The insurance costs of the terrorist attacks of September 11, 2001, well exceeded $40 billion. Recognizing the importance of continued availability of insurance for losses associated with terrorist acts to the national economy, Congress enacted the Terrorism Risk Insurance Act ("TRIA"), which was signed into law and became effective on November 26, 2002. The program is slated to run through 2004 with an option to extend it through 2005, hopefully establishing a competitive market for terrorism insurance in that time.

Following the attacks on the World Trade Center and the Pentagon, many property and casualty insurers began either excluding coverage for acts of terrorism or increasing rates to levels where insureds could not afford full coverage. Particularly hard hit were sports stadiums, arenas and amusement parks, which are seen as prime targets for terrorist attacks because they are high profile and attract large crowds. Ten major league baseball teams were only able to obtain affordable terrorism insurance by taking out a joint policy backed by Lloyd's of London. Hospitals in large cities saw drastic reductions in coverage levels because of the increased risk of loss. Likewise, the airline industry presents an obvious need for terrorism insurance. Although many lenders require borrowers to have terrorism insurance, many property owners in high profile locations were not able to secure coverage after September 11.

TRIA now mandates that all insurers licensed or admitted to engage in primary or excess commercial insurance in the United States make terrorism coverage available. The program also applies to excess or surplus lines insurers and state residual market mechanisms, including state workers compensation funds. If a captive is licensed or admitted to engage in primary or excess commercial insurance in any state, it is an insurer within the meaning of TRIA and mandated to make terrorism coverage available. Otherwise, captives and other self-insurers may be included in the future to the extent provided in rules issued by Treasury. More generally, TRIA applies to commercial property and casualty lines of insurance with certain exceptions such as medical malpractice insurance. A study is currently being conducted by the Secretary of the Treasury to determine if group life insurance should also be included under TRIA. In addition, Treasury is required to complete a study on life insurance and personal lines within 9 months.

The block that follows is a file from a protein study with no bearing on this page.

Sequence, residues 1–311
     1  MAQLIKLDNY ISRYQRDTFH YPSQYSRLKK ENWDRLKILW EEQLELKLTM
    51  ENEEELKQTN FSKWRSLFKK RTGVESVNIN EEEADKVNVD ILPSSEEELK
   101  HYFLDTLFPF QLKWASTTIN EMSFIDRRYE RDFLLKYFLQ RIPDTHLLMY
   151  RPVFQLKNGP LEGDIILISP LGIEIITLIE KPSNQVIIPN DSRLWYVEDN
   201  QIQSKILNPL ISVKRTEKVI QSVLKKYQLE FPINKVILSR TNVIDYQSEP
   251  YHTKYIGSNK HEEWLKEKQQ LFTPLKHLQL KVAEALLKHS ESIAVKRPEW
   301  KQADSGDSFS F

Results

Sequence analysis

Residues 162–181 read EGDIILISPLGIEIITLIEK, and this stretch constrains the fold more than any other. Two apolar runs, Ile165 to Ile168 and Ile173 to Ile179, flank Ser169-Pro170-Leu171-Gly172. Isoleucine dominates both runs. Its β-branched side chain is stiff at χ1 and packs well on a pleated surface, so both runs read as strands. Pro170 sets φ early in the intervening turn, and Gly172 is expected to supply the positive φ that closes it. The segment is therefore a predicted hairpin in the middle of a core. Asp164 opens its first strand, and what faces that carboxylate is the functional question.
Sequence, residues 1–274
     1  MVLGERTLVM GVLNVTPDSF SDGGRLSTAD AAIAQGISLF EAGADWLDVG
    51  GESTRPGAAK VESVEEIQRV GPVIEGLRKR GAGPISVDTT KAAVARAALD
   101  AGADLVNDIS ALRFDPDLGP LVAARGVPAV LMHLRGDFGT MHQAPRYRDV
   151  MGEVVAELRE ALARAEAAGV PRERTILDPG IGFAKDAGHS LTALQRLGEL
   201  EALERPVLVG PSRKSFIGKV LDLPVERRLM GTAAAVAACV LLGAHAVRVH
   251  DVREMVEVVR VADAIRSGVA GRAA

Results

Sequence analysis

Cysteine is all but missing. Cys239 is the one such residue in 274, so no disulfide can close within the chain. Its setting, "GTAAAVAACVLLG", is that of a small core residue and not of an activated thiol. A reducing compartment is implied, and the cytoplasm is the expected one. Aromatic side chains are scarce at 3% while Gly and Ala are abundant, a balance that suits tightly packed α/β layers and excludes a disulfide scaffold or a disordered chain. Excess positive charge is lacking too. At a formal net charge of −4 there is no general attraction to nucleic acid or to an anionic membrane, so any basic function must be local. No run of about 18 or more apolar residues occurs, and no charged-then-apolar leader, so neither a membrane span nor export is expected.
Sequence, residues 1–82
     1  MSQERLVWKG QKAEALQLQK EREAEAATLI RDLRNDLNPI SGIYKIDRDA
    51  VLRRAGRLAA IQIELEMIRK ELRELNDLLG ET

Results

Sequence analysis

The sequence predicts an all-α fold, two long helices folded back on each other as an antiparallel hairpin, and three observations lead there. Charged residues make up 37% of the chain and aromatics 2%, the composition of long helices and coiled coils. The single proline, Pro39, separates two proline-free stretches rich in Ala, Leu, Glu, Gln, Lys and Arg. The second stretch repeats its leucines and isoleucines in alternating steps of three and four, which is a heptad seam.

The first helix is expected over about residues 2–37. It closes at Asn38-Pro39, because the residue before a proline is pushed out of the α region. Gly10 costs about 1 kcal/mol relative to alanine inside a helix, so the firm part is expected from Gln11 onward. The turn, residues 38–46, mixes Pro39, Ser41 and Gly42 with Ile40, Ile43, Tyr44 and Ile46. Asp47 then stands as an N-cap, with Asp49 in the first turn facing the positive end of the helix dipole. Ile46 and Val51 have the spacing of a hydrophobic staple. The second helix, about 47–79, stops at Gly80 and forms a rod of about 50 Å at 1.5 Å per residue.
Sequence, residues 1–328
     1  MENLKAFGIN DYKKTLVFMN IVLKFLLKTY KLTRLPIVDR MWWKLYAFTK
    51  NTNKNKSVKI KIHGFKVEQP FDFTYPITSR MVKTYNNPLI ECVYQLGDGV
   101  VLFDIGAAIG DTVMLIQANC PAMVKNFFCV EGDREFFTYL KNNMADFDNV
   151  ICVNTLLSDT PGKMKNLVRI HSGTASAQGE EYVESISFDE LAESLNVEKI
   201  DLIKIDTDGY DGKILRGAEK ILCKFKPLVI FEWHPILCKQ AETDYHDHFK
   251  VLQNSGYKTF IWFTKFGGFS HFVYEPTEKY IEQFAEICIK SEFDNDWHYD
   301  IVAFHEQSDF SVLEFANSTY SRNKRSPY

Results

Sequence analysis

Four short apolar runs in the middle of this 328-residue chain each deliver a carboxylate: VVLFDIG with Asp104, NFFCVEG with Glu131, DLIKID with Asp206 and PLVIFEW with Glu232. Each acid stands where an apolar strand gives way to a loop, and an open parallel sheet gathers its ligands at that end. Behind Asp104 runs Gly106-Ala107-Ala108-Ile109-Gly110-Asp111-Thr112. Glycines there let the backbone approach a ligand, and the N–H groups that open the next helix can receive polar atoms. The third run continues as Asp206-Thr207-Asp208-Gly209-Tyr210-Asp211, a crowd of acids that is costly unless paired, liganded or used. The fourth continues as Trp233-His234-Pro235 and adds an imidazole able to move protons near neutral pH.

The types of damages that must be covered under TRIA are those resulting from acts that are certified as terrorist acts by the Secretary of the Treasury. Certified acts of terrorism are defined as violent acts that are dangerous to human life and property perpetrated on behalf of foreign interests or foreign persons, which are not part of a declared war, and which result in losses in excess of $5 million. TRIA does apply to workers compensation losses that are caused by an act of war.

The largest challenge of TRIA currently lies with the insurance industry because the act went into effect on the date it was signed and insurers were forced to quickly determine rates for terrorism for all covered lines in all jurisdictions. Therefore, as of November 26, 2002, insurers are required to disclose the premiums that will be charged for terrorism coverage, in addition to the fact that the federal government will reimburse insurers 90% of their aggregate loss from certified acts of terrorism in excess of the insurer's annual deductible, in conjunction with issuing new and renewal commercial property and casualty policies. That deductible is determined based upon a percentage of the insurer's prior year direct earned premium ranging from 7% in 2003 to 15% in 2005. With respect to insurance in force on TRIA's effective date, insurers have until February 23, 2003, to notify policyholders that any exclusion previously in place relating to terrorism coverage is nullified to the extent it excludes coverage for certified acts of terrorism, to disclose the premium for certified terrorism coverage and to notify the policyholder of the federal government's participation in losses above the insurer's deductible. If an insurer already offers coverage, then they must delineate certified terrorism risk from non-certified terrorism risk and price the two separately. The notice requirements are extremely important. In addition to substantial civil penalties for non-compliance with TRIA, if an insurer fails to provide the appropriate notice, the federal government will not be obligated to reimburse the insurer for covered losses resulting from certified acts of terrorism.